During our long weekend in Edinburgh, we knew we wanted to get out of the city for a day to see the Scottish countryside. My husband read about the Falls of Dochart in Killin, so we drove there for an afternoon.
On our drive, we passed the Kelpies, famous large horse head sculptures. I was surprised that we could see them from the highway. As an equestrian, I love all things horse-related, but had decided that we wouldn’t visit this site on this trip due to time constraints. I was happy to at least see them from the road!
It was a beautiful drive all the way to Killin and we passed many scenic views of farms, churches, castles, and lochs.
Killin has a lot of local folklore of fairies, giants, and saints. The area is known to have been inhabited since Stone Age people hunted on the land 6,000 years ago. Killin sits at the northeast edge of the Loch Lomond & the Trossachs National Park. This large national park of beautiful Scottish countryside looks to be a great destination if you want to experience nature in Scotland. The Highland Boundary Fault, which separates the Scottish Lowlands from the Highlands, cuts through the park. By the time we got to Killin, we had entered the lower end of the Scottish Highlands region.
Killin is home to four main attractions:
- Falls of Dochart. The River Dochart passes through Killin with its Highland Falls, The Falls of Dochart. They were beautiful. We spent a lot of time on the rocks, taking in the view. The terrain here at the Falls surprisingly reminded me a lot of mountains and falls we have seen in the northeast and southern United States.
- Old Mill. At the Falls of Dochart sits the Old Mill. It is believed that the original mill in this location was built by St. Fillian in the 8th century. The current mill was built in 1840 and was a working woolen mill until 1939. It has since housed a folklore center and Killin’s tourist information center. It now also houses a thrift store and gift shop.
- Old Bridge. The old bridge that passes over the river and the falls was originally built in 1760. It is said to be made, at least originally, of stones directly from the river.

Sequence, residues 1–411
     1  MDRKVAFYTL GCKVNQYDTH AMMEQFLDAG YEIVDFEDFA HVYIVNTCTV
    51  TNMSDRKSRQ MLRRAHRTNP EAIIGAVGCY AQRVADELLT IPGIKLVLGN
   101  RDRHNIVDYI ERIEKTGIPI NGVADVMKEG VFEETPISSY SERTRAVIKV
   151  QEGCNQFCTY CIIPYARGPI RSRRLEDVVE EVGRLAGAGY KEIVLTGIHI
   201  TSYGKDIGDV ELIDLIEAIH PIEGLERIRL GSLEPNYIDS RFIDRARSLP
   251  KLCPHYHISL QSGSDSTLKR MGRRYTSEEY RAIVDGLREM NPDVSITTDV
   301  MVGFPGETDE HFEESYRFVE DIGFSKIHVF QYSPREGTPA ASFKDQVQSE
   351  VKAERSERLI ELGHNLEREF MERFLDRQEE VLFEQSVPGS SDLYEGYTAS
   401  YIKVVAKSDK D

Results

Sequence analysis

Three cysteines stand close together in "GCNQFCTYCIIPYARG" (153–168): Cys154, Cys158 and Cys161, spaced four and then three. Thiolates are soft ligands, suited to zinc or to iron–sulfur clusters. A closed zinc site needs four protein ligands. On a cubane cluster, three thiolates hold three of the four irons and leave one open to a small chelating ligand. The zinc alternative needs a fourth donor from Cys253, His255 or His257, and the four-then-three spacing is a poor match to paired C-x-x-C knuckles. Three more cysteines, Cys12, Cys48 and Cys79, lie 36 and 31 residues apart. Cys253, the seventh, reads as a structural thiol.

- Clan Macnab Burial Island. From the bridge, you can access the Clan Macnab Burial Island, which is also the site of an Iron Age fort. Access to the island is locked, but you can pick up the key at the at the Old Mill Shop with a £ 5 donation and £ 20 deposit. The Clan Macnab ruled this area until the late 16th Century.
We lucked out with weather and had a beautiful day to visit Killin. In the middle of our day visit, we had a nice lunch at the Falls of Dochart Inn. We enjoyed their cozy dining room where we could relax and warm up with some traditional Scottish dishes. We had soup, a Scottish tasting platter, fish and chips, and more (there were five of us!).
I forgot to mention in my last post about this trip to Scotland that we made a point to try the popular Scottish soft drink, Irn Bru. This orange colored soda has a sweet, bubble gum flavor to it, and is supposedly very popular. I was pleasantly surprised that my son didn’t end up liking it. It was so sugary, he probably didn’t need to drink a lot of it. I kind of enjoyed finishing it off for him!
After enjoying everything Killin had to offer, we headed back to Edinburgh. We drove a slightly different route home to enjoy more views of the countryside. After passing more sheep farms and some Highland cows next to a Loch, I was supremely satisfied with our Scottish Highlands experience!